Sunday, May 12, 2013

shallow end

The past two weeks has been a whirlwind.  Many of you know via facebook that EJ was hospitalized for the first time since he was born.  He had lost over 2lbs and from a 12lb start, that isn't good.  He had a temp of 102 and was extremely dehydrated.  He required an IV and spent two nights there.  It was startling and eye opening as any sudden hospitalization is.  But, also Jeremy was completely ill and out of commission as well.  So, there I sat, alone...for many hours.  Of course, amazing friends and family occupied my time and brought their love support and most importantly food.  But, in the trenches there in the night, the beeping of machines were my company.  The screams of a baby next door for her mama my horror.  The nurses every two hour visits my frustrations.  I had many hours to think about life as our older kids were concerned about EJ and wishing mama was home.  Most of the time was spent realizing despite our circumstances, how minor this all was in the scheme of so many of my friends and their struggles.  It's good to open your heart to others pain, you learn to appreciate your own for what it isn't, instead of wallowing in it.

Jeremy is in sales and he kicks ass, simply put, and a shameless brag.  But, really he works his butt off and this year it paid off, he was invited to Sales Club, which for those that don't know if a trip for the top reps from a company annually that bring their spouses and it's all expenses paid.  We have gone before and I kind of know the ropes.  He had switched companies prior to Nolan's birth and this was our first Club after.  I was excited to go, had a ton on my to do list which included cleaning my house, buying outfits that weren't maternity wear from last summer, getting teacher appreciation gifts, getting my step-dad's birthday gift, organizing Graham's birthday party, getting mother's day gifts for the mama's, grocery shopping for my dad and his wife while they stayed here, getting the mini cleaned, getting new makeup that didn't have fur growing on it and packing- yeah I had a lot to take care of, and since the week prior Nolan was sick I was behind, really behind.  Then EJ got really sick and the world stopped along with any tasks.  So, staring out blankly at the red flashing light illuminating the hospital room and all the racing thoughts in my head of what I should be doing, just stopped.  The trip would have to not happen, I mean we couldn't leave now, with EJ so sick.  But, Jeremy and I needed this so badly, we have been under so much stress, both of us.  And we needed to laugh and have fun and be without sick kiddos for a bit.  Amazingly we got released from the hospital and on the plane on time.  My dad's wife is a nurse, so that helped and EJ was doing a ton better of course.

We arrived at the airport to be greeted by a man with a sign and a black car to take the two of us to the Four Seasons, a stark contrast that wasn't wasted on me.  There I walked with a long flowing dress, holding hands with my handsome man and looking like we hadn't a care in the world.  Appearances are tricky aren't they?  I often tell myself that when some asshat (thank you Liz my new fav word) cuts me off in traffic.  You never know who you are crossing path's with and what they are experiencing so tread lightly.  We arrived in perfection, were sitting by a pool eating amazing food and cocktails in less than 24 hours out of the cold hospital room I had called home for over 2 days.  It made my stomach sick.  I told myself I needed it and to let go.  I did.  I chatted with wives about pools, houses, husbands, friends, money, jobs, kids, horses, faith, love, loss, you name it, I covered it.  With our hubbies golfing we spend a lot of time together us wives, and you learn a lot.  Mostly you learn that we are all the same, all have the same baggage and insecurities.  All cry and worry about the same issues surrounding our children and families.  but, still I couldn't help but feel different.  As if someone was going to jump out and say, "HEY what is SHE doing here???!!!".  Because I am different.  The life I go back to isn't a scarlet letter, it isn't something I hide or flinch from, but it is very different than most of the people there.  I try to sit in the shallow end as long as I can handle it.  I try to nod and smile and joke about dumb things, bet on shuffle board games, get drunk and dress to the nines and most would say I probably pulled it off.  I am not sure if that's good or not yet.  Truthfully it's hard sitting there in the land of perfect.  Because life isn't all pretty and I feel like that land is so fake now.  I just want to stand on my stretched out cushy lawn chair and shout, "hey tell a story of how fucked up each of you are!!!"  I decided we could use Jeremy's job so didn't do that!  But, really, I love living in the real, in the honest, in the who are you really.  So, dipping my toe in the shallow end has it's plus's but I wouldn't trade my deep end swims for anything.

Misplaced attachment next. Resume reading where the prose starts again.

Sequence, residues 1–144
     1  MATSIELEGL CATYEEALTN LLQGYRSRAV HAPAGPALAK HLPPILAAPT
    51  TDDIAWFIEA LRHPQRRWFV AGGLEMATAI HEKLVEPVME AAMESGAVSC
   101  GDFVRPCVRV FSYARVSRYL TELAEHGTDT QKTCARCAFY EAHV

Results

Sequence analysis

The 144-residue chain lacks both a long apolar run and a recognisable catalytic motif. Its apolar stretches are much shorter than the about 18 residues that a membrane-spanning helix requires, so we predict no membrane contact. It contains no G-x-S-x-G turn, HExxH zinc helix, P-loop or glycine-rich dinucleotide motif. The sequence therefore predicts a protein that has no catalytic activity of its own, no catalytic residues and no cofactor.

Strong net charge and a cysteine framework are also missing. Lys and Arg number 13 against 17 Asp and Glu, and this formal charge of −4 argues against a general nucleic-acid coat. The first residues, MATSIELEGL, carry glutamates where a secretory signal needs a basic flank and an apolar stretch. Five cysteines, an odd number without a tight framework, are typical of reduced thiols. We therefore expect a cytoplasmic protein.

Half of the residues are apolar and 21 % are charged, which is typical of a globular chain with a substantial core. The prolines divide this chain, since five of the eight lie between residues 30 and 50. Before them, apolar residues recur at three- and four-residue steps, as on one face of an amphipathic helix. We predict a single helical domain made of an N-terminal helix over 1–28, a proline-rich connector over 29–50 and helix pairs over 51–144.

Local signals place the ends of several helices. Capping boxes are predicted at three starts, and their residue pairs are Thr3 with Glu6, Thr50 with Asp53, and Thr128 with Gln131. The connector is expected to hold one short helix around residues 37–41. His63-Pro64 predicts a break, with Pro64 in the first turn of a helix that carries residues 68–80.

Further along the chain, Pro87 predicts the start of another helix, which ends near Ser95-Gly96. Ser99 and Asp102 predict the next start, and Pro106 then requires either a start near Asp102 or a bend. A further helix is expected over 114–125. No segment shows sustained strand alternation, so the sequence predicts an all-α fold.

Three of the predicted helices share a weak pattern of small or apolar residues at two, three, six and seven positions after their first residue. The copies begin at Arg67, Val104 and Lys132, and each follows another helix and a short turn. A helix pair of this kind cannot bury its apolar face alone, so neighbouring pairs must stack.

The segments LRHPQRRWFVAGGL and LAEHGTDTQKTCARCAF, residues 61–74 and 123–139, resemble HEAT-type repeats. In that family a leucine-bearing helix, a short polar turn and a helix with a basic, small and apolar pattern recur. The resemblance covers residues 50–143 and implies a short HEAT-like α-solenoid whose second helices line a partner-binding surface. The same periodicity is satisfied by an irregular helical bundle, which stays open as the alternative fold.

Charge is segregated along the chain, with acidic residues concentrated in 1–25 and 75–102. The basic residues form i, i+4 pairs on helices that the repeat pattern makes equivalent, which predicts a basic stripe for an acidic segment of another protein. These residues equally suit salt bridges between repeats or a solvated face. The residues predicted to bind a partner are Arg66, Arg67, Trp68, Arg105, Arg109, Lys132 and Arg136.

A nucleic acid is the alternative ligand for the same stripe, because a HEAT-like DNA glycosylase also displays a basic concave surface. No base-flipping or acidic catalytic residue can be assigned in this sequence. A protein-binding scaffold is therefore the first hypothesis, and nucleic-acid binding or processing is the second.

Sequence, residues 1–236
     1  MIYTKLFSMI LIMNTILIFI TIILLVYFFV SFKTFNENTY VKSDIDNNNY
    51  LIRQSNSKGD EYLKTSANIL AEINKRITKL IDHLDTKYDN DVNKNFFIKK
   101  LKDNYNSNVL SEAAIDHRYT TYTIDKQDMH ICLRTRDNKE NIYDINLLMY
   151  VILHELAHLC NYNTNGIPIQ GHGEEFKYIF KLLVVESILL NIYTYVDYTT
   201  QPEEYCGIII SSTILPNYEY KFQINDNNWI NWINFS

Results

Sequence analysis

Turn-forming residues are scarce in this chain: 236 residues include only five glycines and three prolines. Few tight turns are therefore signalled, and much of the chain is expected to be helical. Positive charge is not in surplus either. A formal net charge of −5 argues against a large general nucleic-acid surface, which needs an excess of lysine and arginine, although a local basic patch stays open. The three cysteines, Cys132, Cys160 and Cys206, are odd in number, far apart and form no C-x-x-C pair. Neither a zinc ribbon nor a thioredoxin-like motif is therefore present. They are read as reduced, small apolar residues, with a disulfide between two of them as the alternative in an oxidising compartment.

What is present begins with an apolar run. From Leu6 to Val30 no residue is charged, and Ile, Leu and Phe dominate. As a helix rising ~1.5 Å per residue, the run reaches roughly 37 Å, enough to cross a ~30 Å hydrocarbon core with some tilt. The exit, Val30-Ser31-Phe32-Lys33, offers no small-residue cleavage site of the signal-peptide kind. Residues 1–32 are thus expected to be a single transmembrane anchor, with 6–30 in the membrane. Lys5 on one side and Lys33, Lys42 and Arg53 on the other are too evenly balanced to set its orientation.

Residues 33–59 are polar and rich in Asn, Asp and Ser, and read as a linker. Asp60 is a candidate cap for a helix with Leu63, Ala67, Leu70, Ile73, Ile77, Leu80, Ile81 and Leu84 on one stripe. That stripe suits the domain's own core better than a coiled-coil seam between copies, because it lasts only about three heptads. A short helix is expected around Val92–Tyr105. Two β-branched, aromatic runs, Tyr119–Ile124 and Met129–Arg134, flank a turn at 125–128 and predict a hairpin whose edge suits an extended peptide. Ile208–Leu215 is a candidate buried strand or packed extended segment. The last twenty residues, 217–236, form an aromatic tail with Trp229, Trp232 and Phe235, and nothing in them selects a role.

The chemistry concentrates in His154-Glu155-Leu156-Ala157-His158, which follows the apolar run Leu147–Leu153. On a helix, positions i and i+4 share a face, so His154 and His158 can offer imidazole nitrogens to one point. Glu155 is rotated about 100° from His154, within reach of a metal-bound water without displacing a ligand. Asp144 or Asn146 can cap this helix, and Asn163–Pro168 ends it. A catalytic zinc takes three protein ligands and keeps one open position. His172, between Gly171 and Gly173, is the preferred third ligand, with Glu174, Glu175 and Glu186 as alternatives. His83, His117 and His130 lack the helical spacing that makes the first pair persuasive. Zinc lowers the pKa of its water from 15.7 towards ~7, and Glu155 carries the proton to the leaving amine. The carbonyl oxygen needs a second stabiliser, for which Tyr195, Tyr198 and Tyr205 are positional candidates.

I will forever appreciate the dichotomy of which our life is run, we are so blessed with material things and accomplishments and drenched also in a world of needs and desires that may never be fulfilled.  Jeremy had a few moments of squeezing my shoulder or nudging my legs throughout this trip.  We would debrief later about my outrageous actions that required attention.  Usually they involved crossing a boundary with a vice president of the company or something like's hard for me.  The deciphering of who I need to be "on" around.  I find that I have less and less time for that, and more time for the "we are all people, president, vice president, billionaire or no-aire", I just see a person.  It's rather freeing but not so much for the person that works there I guess? Ah well, it's never boring around here!